Seriously good speech writing (at only 26! Gasp!)

30 Jan

Jon Favreau is inspiring. He is the 26-year-old head speech writer for Obama. Yes, 26. Head writer. How monstrously cool is that? I’ll tell you: very monstrously cool.

After the New Hampshire and then South Carolina primaries, columns and blogs nationwide gaggled about the power of Obama’s words. Some accuse him of ripping off lines from Hollywood movies (that were supposedly torn from real political speeches). Hillary Clinton has been accused of modifying some of Obama’s speeches to suit her campaign. It’s all up for debate, and that’s not my point.

Here’s my point: speech writing is a tremendously powerful and overwhelmingly hidden art form. I mean, think about it. Bloggers and columnists and analysts alike are scrutinizing “Obama’s” speeches. Sure, those speeches have his stamp of approval. But guess where they came from?

A dude named Jon.

Favreau’s words are forming the basis for many arguments in the heated political arena. Imagine knowing you’re so incredibly successful in eliciting emotions from people through your art that you can do it almost anonymously; having never to answer to the critics, knowing someone else is the medium to your messages. And owning that medium’s voice so that it blends almost seamlessly with your writing, of course.

Ah yes, old McLuhan’s “medium is the message” bit. But honestly, the delivery is absolutely crucial to conveying the emotions that writers impregnate speeches with.

Take me, for example. One take-away I was sure listeners at a commencement several years ago would remember was a new acronym for iPod I contrived. The lead-in was something like,

“If only you could keep everything you’ve experienced in college on your iPod,” pause for laughter (which came swiftly. Score!). Then some additional filler before subscribing new meaning to the term iPod: “Innovation and Persistence Overcome Difficulties.”

Brilliant! Except the dean with his heavy Italian accent pronounced difficulties, “dee-fee-kuhl-teez.” No one understood him. I think I actually heard someone ask, “Did he just say feces?”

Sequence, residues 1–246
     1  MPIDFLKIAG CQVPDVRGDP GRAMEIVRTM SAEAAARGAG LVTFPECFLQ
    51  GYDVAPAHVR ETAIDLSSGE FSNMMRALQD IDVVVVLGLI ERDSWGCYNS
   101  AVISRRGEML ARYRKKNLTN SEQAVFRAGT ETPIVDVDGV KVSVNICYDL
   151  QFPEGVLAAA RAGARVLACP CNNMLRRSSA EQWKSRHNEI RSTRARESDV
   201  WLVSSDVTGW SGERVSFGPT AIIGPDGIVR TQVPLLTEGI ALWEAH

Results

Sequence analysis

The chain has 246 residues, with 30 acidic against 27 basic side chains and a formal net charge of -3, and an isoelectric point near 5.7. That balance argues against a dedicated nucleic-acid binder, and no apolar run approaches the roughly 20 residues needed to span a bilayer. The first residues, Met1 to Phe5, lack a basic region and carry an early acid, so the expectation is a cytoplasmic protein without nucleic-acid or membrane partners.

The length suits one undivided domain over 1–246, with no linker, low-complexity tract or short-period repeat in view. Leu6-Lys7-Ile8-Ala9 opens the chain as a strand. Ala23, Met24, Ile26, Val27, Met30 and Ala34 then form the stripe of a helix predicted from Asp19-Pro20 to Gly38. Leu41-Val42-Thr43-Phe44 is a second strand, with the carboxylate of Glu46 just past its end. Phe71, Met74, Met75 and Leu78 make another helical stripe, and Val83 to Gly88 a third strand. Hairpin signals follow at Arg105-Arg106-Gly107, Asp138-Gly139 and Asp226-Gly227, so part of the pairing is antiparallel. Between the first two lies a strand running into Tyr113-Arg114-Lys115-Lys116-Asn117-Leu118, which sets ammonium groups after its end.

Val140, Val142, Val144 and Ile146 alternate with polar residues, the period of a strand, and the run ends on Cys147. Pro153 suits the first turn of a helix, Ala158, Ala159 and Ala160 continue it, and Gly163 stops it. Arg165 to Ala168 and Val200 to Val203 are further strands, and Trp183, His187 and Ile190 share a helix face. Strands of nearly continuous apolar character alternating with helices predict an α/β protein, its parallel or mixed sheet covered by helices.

So much for mastering my medium.

It’s sometimes easy to forget — especially when coming from a charismatic, larger-than-life figure who happens to be running for President of the United States — that the words had to be written before they ever could be spoken.

Good writing resonates and elicits feelings. A medium considerate of the message is crucial. By marrying the two successfully, listeners can be transformed from passive spectators to actively engaged participants. As a writer, this synergy is ridiculously inspiring.

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One Response to “Seriously good speech writing (at only 26! Gasp!)”

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  1. Barack Obama » Blog Archive » Seriously good speech writing (at only 26! Gasp!) - January 30, 2008

    […] Bookworm wrote an interesting post today onHere’s a quick excerptJon Favreau is inspiring. He is the 26-year-old head speech writer for Obama. Yes, 26. Head writer. How monstrously cool is that? I’ll tell you: very monstrously cool. After the New Hampshire and then South Carolina primaries, columns and blogs nationwide gaggled about the power of Obama’s words. Some accuse him of ripping off lines from Hollywood movies (that were supposedly torn from real political speeches). Hillary Clinton has been accused of modifying some of Obama’s speeches to suit her campaign. It’s all up for debate, and that’s not my point. Here’s my point: speech writing is a tremendously powerful and overwhelmingly hidden art form. I mean, think about it. Bloggers and columnists and analysts alike are scrutinizing “Obama’s” speeches. Sure, those speeches have his stamp of approval. But guess where they came from? A dude named Jon. Favreau’s words are forming the […] […]

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